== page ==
Visiting the South-East Asian country reminds Thompson Travel’s Sharon Thompson of the wonders of travel
I’m currently travelling in Vietnam again and it’s made me realise how true the words of St Augustine are: “The world is a book and those who don’t travel, read but one chapter.”
This chapter of my book reveals an appreciation of the luxury in the western world that we take for granted. Travelling through the bustling streets of Ho Chi Minh City, among 11 million motorbikes mingling with other forms of transport, shows how speed is not important and consideration of others is an unspoken fact. Families board one bike with up to four passengers at a time, and have this form of travel down to an art.
Along the footpaths, traders sell food, toys, clothes and bamboo products. I have never met more gracious and friendly people
Yet the organised chaos works so well. Along the footpaths, traders sell food, toys, clothes and bamboo products. I have never met more gracious and friendly people.
And there are surprises too, with makeshift shops providing entrances to hotels that open out to opulent buildings with first-class service, food and accommodation.
I have to say an escorted tour is the way to visit. How else would you know where to find a cookery class on an organic farm, the oldest coffee shop in Hanoi, the best places to eat or a coconut palm village in the mango groves?
There are many specialist operators, so do use them and give your customers peace of mind and excellent value for money.
Hoi An comes alive in the evenings as lanterns line the streets and couples take boat trips along the river – it’s the Venice of the Far East
Travelling from south to north can be busy, so remember to stop off midway in cities such as Hoi An or Hue. Spa treatments at beautiful hotels give you time to relax.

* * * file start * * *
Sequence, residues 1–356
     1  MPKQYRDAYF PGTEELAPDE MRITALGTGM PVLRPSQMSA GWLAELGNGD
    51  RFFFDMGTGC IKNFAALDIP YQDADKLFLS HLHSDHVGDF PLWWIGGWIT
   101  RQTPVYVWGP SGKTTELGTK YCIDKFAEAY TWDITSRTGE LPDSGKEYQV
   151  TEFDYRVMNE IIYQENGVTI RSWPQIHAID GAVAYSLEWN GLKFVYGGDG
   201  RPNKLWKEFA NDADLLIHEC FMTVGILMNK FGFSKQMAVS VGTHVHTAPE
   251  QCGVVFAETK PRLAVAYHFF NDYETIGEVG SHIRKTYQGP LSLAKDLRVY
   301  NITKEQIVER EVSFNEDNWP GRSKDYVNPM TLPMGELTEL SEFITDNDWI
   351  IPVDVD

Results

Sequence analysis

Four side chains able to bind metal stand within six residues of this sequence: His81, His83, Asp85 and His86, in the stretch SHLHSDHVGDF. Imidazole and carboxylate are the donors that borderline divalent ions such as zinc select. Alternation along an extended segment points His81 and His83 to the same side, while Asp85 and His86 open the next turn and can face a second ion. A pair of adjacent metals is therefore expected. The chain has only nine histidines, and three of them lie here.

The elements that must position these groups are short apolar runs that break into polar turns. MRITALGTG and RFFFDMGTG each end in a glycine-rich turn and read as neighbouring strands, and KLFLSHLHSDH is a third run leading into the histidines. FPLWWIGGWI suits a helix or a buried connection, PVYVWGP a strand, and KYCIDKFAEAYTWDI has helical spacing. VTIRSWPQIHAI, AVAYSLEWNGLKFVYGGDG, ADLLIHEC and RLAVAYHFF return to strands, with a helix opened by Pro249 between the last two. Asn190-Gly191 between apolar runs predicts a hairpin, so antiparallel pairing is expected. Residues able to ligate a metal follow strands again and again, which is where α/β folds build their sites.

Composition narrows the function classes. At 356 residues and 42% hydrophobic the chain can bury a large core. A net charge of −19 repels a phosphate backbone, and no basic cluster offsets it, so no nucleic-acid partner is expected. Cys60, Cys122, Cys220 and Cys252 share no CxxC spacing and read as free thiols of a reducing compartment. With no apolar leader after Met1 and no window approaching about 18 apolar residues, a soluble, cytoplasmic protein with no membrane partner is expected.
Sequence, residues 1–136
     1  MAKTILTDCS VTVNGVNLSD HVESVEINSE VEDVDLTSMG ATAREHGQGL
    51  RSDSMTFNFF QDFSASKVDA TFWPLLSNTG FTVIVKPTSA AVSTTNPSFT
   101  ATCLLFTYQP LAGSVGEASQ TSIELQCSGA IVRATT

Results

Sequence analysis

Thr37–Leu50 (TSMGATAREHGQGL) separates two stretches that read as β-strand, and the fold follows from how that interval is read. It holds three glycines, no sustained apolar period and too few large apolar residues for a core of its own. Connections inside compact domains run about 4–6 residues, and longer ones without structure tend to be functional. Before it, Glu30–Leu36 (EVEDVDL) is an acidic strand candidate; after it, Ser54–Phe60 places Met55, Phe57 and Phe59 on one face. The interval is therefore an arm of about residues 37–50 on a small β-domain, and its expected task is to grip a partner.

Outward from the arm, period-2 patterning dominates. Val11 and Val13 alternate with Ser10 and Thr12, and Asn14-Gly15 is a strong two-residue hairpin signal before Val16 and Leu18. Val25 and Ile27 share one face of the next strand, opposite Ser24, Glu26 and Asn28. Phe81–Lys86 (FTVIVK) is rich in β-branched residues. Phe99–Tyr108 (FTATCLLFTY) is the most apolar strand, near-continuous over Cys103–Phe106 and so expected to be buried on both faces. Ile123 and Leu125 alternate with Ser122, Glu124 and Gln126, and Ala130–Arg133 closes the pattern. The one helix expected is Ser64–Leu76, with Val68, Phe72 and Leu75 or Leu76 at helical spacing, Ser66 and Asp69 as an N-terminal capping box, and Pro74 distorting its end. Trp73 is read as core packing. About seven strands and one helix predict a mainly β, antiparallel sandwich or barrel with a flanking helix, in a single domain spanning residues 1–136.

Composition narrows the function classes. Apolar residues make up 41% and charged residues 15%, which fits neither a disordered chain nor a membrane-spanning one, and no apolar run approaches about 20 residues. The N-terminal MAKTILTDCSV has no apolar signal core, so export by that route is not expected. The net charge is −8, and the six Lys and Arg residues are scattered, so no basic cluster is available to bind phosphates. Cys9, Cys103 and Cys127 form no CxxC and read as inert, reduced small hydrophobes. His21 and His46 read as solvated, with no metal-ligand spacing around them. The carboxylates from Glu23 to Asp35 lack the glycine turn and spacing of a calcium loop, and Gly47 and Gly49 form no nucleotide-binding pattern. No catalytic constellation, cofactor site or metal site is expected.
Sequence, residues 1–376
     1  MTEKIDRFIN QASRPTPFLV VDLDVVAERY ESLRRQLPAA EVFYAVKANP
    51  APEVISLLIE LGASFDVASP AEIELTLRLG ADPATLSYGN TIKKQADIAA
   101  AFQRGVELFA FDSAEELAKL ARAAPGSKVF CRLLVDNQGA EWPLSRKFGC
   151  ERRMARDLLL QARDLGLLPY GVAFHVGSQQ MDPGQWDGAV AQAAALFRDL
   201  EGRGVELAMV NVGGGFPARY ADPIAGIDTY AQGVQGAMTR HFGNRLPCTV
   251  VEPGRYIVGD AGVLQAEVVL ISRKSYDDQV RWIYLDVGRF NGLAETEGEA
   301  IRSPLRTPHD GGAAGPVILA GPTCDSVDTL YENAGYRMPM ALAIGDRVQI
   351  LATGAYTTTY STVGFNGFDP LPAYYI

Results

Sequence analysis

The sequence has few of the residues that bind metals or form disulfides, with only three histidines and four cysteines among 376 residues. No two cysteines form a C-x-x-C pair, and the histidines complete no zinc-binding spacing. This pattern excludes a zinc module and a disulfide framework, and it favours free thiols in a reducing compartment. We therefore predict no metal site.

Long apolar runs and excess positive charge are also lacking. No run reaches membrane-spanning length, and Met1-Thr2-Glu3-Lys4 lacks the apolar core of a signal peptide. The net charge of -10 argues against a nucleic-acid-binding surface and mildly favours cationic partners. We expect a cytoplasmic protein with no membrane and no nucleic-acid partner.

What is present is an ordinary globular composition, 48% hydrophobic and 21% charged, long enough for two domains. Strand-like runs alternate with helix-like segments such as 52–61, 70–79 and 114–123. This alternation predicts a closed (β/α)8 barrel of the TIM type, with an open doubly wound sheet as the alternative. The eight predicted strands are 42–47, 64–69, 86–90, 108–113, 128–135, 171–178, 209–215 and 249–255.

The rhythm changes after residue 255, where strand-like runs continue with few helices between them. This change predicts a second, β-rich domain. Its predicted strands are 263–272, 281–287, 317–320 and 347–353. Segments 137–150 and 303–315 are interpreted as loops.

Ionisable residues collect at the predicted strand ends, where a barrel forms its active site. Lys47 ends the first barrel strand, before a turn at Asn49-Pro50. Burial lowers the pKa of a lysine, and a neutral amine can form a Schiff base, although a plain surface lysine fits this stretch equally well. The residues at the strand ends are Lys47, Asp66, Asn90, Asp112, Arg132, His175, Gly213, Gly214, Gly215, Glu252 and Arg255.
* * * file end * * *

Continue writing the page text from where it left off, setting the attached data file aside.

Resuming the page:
Hoi An comes alive in the evenings as lanterns line the streets and couples take boat trips along the river – it’s the Venice of the Far East. The traffic-free Old Town is a Unesco World Heritage Site.
These are my trip highlights that you can recommend to clients:
- Mekong Delta and Cu Chi Tunnels: Take an organised tour from Ho Chi Minh and a boat trip on the Mekong River. Our journey took us through mango groves to meet villagers who had prepared the most beautiful food. We enjoyed a demonstration of how they use every element of the coconut plant and tree. Nothing is wasted.
- Hanoi Cyclo Tour: The sun sets around 6pm during April in Vietnam so, as the city lights appeared, we braved the traffic with a cyclo tour through the old city. It was the perfect way to see the locals and explore in a fun way. The tour ended with a delicious egg coffee at the city’s oldest coffee shop
- Halong Bay: It takes a while to reach from Hanoi but it’s a scenic journey in an air-conditioned coach. The highlight is an overnight trip on a junk boat – as well as the en-suite facilities, we enjoyed tai chi classes, cooking lessons and the chance to swim in the bay.
Our guide’s name is Tony. Nothing is any trouble. I asked him about getting an iron and he volunteered to take my ironing home to do it himself
People make the place. Our guide’s name is Tony. Nothing is any trouble. I asked him about getting an iron and he volunteered to take my ironing home to do it himself.
If you visit, do reward your guides, restaurant staff and the people you meet. They make our experiences and they depend on it.
Meeting locals makes a trip
Here’s an interesting insight. The first time I visited Vietnam, I wondered what the beautiful tombs were that we saw in fields and gardens. I have now discovered they are the burial grounds of the families to whom the land belongs. Here, it is customary to bury family members on their own land.
The custom becomes a bit of an issue if you move house, as the ancestors have to move too, but again, if it is what you are used to, it works. Visit Vietnam and open another chapter of your book!